A key responsibility of the RF integrator is to be in constant contact with the targeted wireless operator(s) for the purposes, among others, of ensuring the operator(s)' willingness to place equipment at the customer site and validating the customer-owned DAS infrastructure meets operator requirements.
A point made more than once during the discussion was that such knowledgeable and experienced RF integrators do exist, and can provide end-user customers with assurance of operator participation. A question from the audience provided a current real-life example of such an occurrence. A state municipal building in the early stages of investigating a DAS deployment faced the prospect of funding an under-floor cabling install and was working with an integrator who sought to bill the customer for time spent negotiating with operators over the placement of their equipment at the site. The audience member asked, why put in the infrastructure without some assurance that the operator will support it? And, as it turned out, one operator agreed to fund the DAS installation at the facility. The response to that question amounted to: Work with an integrator who will guarantee the designs will be accepted, and who has worked with operators already. If an integrator is unsure whether or not an operator will accept a design, find an integrator who is sure. When considering integrators, it was suggested, one question to ask is the stage at which the integrator engages operators in the process. In short, the answer should be, immediately.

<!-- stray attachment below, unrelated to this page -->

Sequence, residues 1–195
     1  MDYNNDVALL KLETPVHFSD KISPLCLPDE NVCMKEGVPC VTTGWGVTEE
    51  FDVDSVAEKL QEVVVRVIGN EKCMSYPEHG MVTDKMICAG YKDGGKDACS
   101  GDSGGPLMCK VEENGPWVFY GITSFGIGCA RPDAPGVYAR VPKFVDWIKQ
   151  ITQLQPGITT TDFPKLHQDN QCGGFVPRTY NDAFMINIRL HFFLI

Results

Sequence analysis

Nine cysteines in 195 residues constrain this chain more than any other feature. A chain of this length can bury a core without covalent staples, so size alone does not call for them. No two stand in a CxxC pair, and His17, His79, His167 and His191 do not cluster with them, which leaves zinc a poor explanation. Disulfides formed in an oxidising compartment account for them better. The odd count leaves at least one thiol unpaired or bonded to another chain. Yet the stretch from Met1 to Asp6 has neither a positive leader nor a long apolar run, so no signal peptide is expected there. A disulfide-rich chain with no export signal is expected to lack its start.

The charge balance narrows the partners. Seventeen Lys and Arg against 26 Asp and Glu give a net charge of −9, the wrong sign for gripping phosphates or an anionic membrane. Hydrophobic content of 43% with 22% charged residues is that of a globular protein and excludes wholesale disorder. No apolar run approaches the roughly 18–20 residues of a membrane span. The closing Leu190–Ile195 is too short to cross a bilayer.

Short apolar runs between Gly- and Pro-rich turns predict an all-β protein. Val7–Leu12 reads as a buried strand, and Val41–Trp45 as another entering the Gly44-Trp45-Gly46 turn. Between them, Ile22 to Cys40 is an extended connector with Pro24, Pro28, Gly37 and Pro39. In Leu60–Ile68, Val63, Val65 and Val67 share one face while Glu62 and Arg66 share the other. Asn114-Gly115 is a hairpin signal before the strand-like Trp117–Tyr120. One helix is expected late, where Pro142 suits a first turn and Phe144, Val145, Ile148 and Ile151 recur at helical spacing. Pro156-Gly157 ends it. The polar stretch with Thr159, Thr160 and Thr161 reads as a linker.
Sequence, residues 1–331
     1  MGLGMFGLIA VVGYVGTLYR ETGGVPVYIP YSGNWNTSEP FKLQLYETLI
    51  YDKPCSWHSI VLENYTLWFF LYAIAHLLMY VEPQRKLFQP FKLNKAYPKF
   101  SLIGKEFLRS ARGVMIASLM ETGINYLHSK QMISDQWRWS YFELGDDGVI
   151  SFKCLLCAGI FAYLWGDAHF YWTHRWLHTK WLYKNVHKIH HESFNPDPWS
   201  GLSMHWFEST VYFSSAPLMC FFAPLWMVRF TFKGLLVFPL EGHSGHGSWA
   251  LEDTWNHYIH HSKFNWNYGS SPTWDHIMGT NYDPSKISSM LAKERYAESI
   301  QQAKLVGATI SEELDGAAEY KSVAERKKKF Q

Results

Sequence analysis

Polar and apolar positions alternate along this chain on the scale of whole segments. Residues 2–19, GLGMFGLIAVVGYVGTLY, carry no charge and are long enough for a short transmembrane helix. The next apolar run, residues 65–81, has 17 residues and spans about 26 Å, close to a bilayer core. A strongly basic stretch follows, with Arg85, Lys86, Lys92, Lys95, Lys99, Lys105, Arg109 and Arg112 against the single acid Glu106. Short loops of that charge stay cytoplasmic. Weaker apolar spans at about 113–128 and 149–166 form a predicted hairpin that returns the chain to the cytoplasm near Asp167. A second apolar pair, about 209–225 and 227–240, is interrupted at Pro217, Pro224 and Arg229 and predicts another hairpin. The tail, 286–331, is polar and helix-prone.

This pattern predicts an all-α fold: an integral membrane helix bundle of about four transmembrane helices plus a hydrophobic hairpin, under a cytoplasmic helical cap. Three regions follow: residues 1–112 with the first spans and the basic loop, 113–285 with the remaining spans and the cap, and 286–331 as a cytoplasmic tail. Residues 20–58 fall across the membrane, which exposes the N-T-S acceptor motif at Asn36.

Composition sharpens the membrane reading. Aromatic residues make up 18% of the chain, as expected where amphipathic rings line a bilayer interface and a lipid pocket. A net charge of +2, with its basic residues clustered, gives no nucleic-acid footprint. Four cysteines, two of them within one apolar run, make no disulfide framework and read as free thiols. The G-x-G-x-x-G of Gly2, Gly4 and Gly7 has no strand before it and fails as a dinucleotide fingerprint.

Avoiding the mistakes Butchko outlined in his presentation requires efforts on several fronts, including some thorough assessment of a user's own site and needs. Corning Mobile Access's Dixon discussed some of these essential steps. His presentation was titled "DAS and Other Small Cells: DAS for the Rest of Us," with the "rest of us" terminology referring to users who fund their own projects.